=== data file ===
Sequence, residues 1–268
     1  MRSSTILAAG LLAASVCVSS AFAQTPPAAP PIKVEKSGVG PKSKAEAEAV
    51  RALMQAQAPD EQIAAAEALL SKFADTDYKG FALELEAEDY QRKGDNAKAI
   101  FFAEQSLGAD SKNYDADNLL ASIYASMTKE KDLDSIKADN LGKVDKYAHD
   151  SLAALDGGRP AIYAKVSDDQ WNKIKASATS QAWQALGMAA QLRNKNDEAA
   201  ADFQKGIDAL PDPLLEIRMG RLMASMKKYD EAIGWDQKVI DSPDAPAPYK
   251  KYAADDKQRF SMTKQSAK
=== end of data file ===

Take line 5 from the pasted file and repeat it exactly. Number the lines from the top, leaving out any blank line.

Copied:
   151  SLAALDGGRP AIYAKVSDDQ WNKIKASATS QAWQALGMAA QLRNKNDEAA